Former Angels star pitcher Dean Chance has died at age 74

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Dean Chance/Photo courtesy of


Dean Chance, who pitched for the Angels from 1961-66, has died at age 74, according to an Associated Press story. Details of Chance’s demise were not immediately available.

Chance won the Cy Young Award at age 23 in 1964 while going 20-9 with an ERA of 1.65 for the Angels. Chance began a three-year stint with the Minnesota Twins in 1967 and pitched a no-hitter for them on Aug. 25 of that year.

Chance also pitched for the Cleveland Indians, New York Mets and Detroit Tigers and finished his 11-year career with a record of 128-115 and ERA of 2.92.

Chance earlier this season was on hand at Angel Stadium when he and others were inducted into the Angels Hall of Fame.

Chance was only 30 in 1971, his final season.

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Tim Salmon recalls the year the Angels won whole ball of wax

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Tim Salmon was one of three former Angels to be inducted into the Angels Hall of Fame on Saturday at Angel Stadium. The other two were pitchers Dean Chance and Mike Witt.

The one thing Salmon had over the other two was he helped the Angels win their only World Series title in 2002, beating the Giants in seven games.

Salmon, who batted .346 in the Series, was asked about his fondest memories on that championship season.

“I think the bigger memories are the memories that you see all the time,” said Salmon, who turned 47 Monday. “I mean, the highlight reels of that Game 6. It seems like I’m always seeing Troy’s hit to the gap that cleared the bases, and seeing Ersty make that final catch (in Game 7). And then, of course, I have my own personal images of being in the pile-up and just the images of the faces of my teammates. Just that feeling of relief and just excitement all in one.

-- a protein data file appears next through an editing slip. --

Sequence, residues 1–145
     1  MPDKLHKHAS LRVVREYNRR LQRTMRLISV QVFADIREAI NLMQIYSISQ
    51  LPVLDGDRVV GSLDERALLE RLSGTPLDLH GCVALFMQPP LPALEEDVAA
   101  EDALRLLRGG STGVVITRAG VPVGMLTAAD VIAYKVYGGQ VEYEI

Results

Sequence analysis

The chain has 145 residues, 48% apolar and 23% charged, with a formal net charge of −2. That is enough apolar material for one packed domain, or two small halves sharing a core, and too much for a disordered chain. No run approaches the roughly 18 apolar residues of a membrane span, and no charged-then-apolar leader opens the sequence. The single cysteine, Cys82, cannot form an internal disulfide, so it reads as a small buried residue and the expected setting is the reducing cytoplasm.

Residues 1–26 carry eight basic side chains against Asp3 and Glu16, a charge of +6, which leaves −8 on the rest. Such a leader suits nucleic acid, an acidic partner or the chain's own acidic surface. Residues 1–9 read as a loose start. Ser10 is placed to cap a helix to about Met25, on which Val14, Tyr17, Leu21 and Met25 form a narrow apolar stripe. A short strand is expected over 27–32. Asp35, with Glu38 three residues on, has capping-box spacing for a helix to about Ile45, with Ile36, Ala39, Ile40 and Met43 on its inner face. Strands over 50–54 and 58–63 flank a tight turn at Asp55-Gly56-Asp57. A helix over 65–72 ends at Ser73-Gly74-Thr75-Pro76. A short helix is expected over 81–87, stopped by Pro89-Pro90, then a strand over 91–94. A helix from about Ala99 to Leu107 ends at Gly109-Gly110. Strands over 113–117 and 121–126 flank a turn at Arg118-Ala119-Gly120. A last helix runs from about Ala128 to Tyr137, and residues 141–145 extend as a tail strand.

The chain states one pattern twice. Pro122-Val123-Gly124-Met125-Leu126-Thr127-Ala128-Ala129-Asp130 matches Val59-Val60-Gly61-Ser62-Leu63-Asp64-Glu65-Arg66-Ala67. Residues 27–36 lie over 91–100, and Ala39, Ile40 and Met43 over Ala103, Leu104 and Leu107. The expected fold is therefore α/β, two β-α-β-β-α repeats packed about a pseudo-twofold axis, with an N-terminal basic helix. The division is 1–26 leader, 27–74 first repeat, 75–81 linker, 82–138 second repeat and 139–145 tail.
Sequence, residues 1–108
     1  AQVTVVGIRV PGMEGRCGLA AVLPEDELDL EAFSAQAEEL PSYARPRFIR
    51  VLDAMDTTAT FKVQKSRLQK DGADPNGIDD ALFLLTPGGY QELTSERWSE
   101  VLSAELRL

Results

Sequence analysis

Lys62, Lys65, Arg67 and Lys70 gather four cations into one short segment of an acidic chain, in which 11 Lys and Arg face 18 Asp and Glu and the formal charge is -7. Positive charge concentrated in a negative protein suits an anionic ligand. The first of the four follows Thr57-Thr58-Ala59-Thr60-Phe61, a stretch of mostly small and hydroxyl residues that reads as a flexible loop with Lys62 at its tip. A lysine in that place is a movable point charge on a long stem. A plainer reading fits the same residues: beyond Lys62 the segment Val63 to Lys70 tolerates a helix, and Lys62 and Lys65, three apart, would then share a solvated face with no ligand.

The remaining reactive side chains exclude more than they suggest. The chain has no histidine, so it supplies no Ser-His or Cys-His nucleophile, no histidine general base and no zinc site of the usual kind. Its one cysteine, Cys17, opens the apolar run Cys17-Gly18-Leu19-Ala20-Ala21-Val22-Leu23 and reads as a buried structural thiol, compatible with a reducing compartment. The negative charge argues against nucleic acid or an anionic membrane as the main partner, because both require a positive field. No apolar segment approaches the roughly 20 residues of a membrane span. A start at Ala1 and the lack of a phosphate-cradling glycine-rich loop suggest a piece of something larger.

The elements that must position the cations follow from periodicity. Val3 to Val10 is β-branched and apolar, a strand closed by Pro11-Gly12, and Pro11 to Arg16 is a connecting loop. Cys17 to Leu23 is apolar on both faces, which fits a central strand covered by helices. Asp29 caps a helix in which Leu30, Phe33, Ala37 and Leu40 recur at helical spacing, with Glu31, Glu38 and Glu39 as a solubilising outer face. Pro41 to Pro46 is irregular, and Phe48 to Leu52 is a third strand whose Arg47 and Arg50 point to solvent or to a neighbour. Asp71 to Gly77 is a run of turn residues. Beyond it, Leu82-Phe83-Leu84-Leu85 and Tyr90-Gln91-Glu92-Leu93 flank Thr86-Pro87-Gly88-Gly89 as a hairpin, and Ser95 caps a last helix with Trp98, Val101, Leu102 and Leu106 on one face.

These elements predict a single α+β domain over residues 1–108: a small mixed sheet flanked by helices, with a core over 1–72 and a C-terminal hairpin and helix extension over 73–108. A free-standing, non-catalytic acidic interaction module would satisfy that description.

“Those are the kinds of things that stick out to me. But as far as that team went, just a bunch of grinders, blue-collar guys that never quit, guys that really kind of put the blinders on, put their heads down and played the game hard for every inning.”

Troy Glaus had a two-run double to left-center in the bottom of the eighth inning to give the Angels a 6-5 lead in Game 6. They held on to win the game by that score on their way to a 4-1 victory in Game 7, centerfielder Darin Erstad making the catch for the final out on a fly ball by Kenny Lofton.

Games 6 and 7 took place at Angel Stadium, though it was called Edison Field back then.

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Dean Chance, Mike Witt, Tim Salmon in Angels Hall of Fame

Photo of Dean Chance




Dean Chance/Photo courtesy of

Pitchers Dean Chance and Mike Witt and outfielder Tim Salmon were inducted into the Angels Hall of Fame before Saturday’s game against the Toronto Blue Jays.

Chance won the Cy Young Award in 1964 when only one award was given for both leagues, Witt threw a perfect game against the Texas Rangers in 1984 and Salmon helped the Angels to their only World Series title in 2002.

In 1964, the Angels were still playing at Dodger Stadium. Chance noted Saturday that his Cy Young Award was part of a string of five pitchers winning the award whose home park was Dodger Stadium. The others were Don Drysdale (1962) and Sandy Koufax (’63, ’65, ’66).

Chance went 20-9 with an ERA of 1.65 in ’64. He talked about win No. 20.

“It was at Dodger Stadium, which is a pitcher’s park,” he said. “And the 20th win – (second baseman) Bobby Knopp – they (Minnesota Twins) had runners on first and third with one out and he (Knopp) made the greatest defensive play I’ve ever seen an infielder make.

Jimmie Hall hit a shot back through the middle and he went clear to his right, turned his glove and slapped the ball back to (Jim) Fregosi and we got a double play. That play there, I mean, it’s a game of inches. And that was a big play because in those days your goal as a pitcher was you win 20 games. And you’ve gotta really be lucky to get the breaks to do it.”

Chance is 74.

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